The widespread among Russian linguists is the muscular tension (or the articulatory effort) theory which is known as Scherba’s theory. According to this theory a syllable is characterized by variations in muscular tension. The energy of articulation increases at the beginning of a syllable reaches its maximum with the vowel (or the sonant) & decreases towards the end of the syllable. So, a syllable is an arc of muscular tension. The boundaries between syllables are determined by the occurrence of the lower articulatory energy. There are as many syllables in a word as there are maxima of muscular tension in it. Cf. / ta: / “tar” & / ta: / “tower” (a reduced variant of / ta /). The sound / a:/ in the second example is pronounced with two articulatory efforts, so there are 2 arcs of muscular tension & therefore, 2 syllables. Consonants within a syllable are characterized by different distribution of muscular tension. In accordance with this, L. Shcherba distinguishes the following 3 types of consonants.

  1. Initially strong consonants, in the articulation of which the beginning is stronger while the end is weaker. They occur at the end of a closed syllable.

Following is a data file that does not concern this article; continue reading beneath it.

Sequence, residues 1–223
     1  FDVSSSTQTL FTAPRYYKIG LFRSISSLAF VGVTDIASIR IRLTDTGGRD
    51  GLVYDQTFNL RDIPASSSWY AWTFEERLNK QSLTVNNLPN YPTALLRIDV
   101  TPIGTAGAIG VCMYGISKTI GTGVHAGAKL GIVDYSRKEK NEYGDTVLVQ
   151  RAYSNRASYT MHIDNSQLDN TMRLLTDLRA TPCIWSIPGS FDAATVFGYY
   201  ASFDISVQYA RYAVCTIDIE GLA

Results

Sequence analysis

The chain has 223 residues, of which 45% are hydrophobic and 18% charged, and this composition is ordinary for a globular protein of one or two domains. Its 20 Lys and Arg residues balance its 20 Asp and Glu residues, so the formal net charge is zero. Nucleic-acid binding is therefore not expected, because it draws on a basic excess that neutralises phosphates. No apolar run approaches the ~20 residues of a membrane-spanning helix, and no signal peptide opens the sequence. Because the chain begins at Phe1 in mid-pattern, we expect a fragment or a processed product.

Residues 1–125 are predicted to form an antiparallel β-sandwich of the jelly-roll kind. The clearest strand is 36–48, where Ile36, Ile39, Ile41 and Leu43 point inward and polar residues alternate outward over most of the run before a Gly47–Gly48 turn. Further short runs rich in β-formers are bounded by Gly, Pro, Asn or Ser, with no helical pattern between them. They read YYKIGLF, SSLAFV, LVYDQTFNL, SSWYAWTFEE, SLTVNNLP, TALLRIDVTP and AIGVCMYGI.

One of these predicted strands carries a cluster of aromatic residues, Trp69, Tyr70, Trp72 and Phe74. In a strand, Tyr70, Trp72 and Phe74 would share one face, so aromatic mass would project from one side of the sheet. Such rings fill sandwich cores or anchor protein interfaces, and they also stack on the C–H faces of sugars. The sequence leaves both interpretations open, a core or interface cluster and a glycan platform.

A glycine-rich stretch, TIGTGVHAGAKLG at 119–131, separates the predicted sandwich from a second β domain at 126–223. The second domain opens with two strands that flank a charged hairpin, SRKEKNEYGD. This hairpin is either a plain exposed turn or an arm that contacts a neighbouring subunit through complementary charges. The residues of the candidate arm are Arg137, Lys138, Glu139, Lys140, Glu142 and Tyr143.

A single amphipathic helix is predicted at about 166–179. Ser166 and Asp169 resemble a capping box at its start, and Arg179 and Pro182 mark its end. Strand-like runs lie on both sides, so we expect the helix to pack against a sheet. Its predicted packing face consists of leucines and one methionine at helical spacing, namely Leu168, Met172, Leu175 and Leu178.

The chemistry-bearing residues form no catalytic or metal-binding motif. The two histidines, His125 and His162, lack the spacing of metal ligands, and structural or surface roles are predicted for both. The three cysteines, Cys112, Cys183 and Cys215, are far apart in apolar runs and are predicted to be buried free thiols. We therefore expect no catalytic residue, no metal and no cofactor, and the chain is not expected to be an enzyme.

E.g. / I|t /, / |s /, / pi|n /, / s |d /, / pa:|t/.

  1. Finally strong consonants, in the articulation of which the beginning is weak while the end is more energetic. They occur at the beginning of a syllable. E.g. / m|I /, / t|ai /, / p|a:t /, / s| d /.
  2. Double peaked consonants, in the articulation of which both the beginning & the end are energetic whereas the middle is weak. They produce the impression of two consonants. These consonants occur at the junction of words or morphemes. E.g. / pe|nn|aif /, / tt|aim /, / mi|dd|ei/. The type of consonant is therefore a cue for syllable division. If in / nais ha s/, the sound / n / is initially strong, the syllabic boundary is after the /n / - / n ais ha s /. If the sound / n / is finally strong, the boundary is before it - / nais ha s /. In other words, if there is a new onset of muscular tension on the sound / n /, the latter belongs to the second syllable, & if the new onset of muscular tension is on / ai /, the sound / n / belongs to the first syllable.